Given this premise - and the fact that the coupé would have to be built upon the XJ’s chassis -, Sayer devised a GT of classical Jaguar proportions: long bonnet, enormous rear overhang, low cabin. Yet it was the shape that clad these proportions that would tear at the Harris Tweed of traditionalist enthusiasts of the marque for decades to come. To the greenhouse of XJ27 (the internal moniker given to the coupé project), Sayer added fins in a style reminiscent of flamboyant Italian sportscars, which he dubbed ‘sail panels’. These actually weren’t supposed to be some fashionable frippery, but had a clear aerodynamic purpose - as could be expected from the work of an aerodynamicst, who didn’t model shapes based on some aesthetic perspective, but calculated them, based on mathematical formulae.

In the wake of Sayer’s premature death, quite a few decision makers at Browns Lane were ill at ease with this modern coupé shape though. To some, it was pandering to Italianate trends, while others identified vulgar, American tendencies. By any account, Sayer’s remotely geometrical shapes constituted a break with Sir William’s flowing Lyons Line.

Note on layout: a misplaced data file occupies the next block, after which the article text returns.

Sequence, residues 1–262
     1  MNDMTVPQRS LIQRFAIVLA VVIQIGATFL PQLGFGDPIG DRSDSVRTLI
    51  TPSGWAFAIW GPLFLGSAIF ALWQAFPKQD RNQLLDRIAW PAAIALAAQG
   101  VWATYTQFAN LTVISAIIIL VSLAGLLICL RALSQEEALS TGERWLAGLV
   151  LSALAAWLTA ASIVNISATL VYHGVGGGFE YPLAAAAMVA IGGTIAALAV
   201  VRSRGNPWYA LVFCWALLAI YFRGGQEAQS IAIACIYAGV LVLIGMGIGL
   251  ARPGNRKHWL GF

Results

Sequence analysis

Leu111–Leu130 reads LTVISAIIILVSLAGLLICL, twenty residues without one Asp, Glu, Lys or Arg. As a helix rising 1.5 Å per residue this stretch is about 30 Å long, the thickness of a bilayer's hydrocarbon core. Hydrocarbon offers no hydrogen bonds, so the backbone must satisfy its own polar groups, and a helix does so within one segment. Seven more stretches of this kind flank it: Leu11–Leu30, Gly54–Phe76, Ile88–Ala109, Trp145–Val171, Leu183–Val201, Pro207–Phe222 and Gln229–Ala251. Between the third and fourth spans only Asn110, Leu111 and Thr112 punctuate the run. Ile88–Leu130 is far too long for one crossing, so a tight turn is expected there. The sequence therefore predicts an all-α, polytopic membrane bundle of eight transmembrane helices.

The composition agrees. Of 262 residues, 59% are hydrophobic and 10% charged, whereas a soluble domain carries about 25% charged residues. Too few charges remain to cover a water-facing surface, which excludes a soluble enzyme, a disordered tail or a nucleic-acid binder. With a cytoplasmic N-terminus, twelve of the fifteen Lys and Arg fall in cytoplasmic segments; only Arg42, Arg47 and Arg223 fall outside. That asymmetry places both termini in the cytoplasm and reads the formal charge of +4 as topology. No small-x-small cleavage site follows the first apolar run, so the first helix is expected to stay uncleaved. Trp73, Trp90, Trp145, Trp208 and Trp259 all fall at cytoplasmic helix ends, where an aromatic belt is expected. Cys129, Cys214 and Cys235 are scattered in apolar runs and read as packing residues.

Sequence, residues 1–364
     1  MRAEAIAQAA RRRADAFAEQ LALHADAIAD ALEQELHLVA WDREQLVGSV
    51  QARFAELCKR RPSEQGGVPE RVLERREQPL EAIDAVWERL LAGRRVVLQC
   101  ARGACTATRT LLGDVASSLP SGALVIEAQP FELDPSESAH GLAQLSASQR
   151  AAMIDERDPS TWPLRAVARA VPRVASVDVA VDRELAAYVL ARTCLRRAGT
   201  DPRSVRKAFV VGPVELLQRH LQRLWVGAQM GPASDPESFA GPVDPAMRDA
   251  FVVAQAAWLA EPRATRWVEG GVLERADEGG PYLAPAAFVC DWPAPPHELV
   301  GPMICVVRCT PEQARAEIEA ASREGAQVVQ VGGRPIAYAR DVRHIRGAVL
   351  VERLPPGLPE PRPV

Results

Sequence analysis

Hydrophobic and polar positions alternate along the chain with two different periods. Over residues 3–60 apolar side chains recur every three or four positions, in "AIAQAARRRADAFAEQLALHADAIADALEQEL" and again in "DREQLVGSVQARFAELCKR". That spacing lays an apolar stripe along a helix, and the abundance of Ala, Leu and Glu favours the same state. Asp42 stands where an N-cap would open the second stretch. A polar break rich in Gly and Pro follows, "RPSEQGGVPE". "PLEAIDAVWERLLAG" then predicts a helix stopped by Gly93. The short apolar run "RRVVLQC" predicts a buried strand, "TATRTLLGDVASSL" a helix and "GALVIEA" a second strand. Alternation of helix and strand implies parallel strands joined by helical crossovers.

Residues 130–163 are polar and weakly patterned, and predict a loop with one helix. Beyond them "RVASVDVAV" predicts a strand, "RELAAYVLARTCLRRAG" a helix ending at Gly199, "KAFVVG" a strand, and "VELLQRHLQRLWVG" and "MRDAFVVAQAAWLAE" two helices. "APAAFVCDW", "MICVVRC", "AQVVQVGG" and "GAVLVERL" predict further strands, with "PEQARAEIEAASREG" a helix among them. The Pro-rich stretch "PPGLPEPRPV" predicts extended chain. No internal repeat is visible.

Before the car could be unveiled, Sayer’s successors would have to deal with some of the new coupé’s detailing though, which they did with varying levels of success. At least they had more time to do so than expected, as shortages at British Leyland’s Pressed Steel Fisher body plant delayed the Jaguar’s production by two years.

Delayed and unloved, the XJ-S finally got to see the light of day in 1975: with sloppily-fitting black rubber bumpers (which had been devised after Sayer’s death) front and rear, an interior made of black plastic (featuring printed silver accents in the style of cheap mass-market fare) on its inside and a V12 engine with the drinking habits of a Bullingdon Club member under its bonnet. Right amidst two major oil crises.